I was told that the story I'd wrote, which features Wesley (a boy) and Cameron (a boy), who were both in love with each other, would have to be published as a male/female story because a male/male story would not be acceptable to the publishers.
Verday, who retracted the story rather than rewrite it into a heterosexual love story, sounded heartbroken by the decision, saying that while "I may not have intentionally written an 'issues' story, in the real world this issue is very personal to me." Later, Trisha Telep, the editor of the anthology, wrote a comment on the post, which Verday ran in its entirety at the end of the blog post as an update:
Oh dear. Might as well give you my two cents. Not that it really matters but... Don't take it out on the publishers, the decision was mine totally. These teen anthologies I do are light on the sex and light on the language. I assumed they'd be light on alternative sexuality, as well. Turns out I was wrong! Just after I had the kerfuffle with jessica, I was told that the publishers would have loved the story to appear in the book! Oh dear. My rashness will be the death of me.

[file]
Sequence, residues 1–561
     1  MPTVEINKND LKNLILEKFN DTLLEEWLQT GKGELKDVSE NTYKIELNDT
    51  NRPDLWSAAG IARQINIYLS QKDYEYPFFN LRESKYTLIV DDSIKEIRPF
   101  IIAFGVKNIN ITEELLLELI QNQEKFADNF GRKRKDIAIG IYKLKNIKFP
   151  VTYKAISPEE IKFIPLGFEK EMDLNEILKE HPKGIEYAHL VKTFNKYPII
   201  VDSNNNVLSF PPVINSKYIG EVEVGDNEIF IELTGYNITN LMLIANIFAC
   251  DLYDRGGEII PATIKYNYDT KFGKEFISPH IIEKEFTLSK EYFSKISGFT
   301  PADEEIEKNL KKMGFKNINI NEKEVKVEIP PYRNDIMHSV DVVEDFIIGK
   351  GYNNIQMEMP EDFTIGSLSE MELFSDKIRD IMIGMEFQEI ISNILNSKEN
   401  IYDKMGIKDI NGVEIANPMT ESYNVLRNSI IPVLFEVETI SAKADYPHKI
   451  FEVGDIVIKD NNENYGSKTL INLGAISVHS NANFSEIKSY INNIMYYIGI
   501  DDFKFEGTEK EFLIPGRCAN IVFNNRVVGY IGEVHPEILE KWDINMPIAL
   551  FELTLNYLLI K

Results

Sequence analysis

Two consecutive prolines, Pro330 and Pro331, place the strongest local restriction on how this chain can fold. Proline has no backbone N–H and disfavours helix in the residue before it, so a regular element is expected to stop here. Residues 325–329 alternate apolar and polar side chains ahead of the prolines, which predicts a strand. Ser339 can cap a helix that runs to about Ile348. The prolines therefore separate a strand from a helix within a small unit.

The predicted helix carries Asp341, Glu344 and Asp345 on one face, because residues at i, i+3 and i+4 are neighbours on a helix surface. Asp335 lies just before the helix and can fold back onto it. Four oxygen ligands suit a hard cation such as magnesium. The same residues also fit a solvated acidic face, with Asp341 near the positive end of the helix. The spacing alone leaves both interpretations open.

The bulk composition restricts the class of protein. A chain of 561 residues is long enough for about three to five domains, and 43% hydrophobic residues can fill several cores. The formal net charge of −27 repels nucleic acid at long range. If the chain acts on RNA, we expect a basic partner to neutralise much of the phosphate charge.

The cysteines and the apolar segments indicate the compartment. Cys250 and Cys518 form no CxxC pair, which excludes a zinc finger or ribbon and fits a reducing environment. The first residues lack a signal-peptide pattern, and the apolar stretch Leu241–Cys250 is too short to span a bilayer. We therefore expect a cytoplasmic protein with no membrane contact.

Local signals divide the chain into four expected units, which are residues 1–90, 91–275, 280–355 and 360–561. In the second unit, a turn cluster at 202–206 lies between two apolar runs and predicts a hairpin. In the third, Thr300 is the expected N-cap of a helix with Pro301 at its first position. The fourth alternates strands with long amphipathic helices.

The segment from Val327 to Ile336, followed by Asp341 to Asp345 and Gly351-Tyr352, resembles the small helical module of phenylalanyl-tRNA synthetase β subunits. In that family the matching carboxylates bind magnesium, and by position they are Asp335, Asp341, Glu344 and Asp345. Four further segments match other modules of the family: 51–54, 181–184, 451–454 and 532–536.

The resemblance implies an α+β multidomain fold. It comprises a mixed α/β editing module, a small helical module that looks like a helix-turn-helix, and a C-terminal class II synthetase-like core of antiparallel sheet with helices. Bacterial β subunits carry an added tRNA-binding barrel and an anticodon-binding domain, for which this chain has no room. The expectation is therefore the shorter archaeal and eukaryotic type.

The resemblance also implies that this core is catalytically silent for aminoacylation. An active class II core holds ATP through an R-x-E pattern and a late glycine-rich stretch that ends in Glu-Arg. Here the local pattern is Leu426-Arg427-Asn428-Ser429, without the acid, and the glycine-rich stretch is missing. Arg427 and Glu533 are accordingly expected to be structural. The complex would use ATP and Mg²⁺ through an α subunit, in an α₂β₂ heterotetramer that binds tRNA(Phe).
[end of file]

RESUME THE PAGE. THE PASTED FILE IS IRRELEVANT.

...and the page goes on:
If you think that sounds flip, wait until you read Running Press publisher Christopher Navratil's open letter about the whole thing...
Publisher's Weekly ran the openly gay Navratil's letter yesterday. Here's the paragraph that is inspiring a backlash:
What happened next is a cautionary tale for all publishers. Ms. Verday, understandably, refused to change her story and pulled it from the anthology. Then she took to her blog and social media connections, and accused Running Press of intolerance and censorship. Other authors in the anthology asked to pull their stories, believing the account. Fans, librarians, and a handful of authors in the anthology became angry. Authors in other anthologies began to send us e-mails expressing concern. This all happened in just a few days. We at Running Press contacted Verday immediately to assure her that we had no such guidelines and would be excited to include her story as written. But she was unyielding.
It doesn't seem to me that Verday's posting the editor's comment a day after she ran the original post can be appropriately described as "unyielding." Her response seems pretty responsible to me. What strikes me as irresponsible is this publisher's attacking the author when the editor who misrepresented his company escapes relatively unscathed.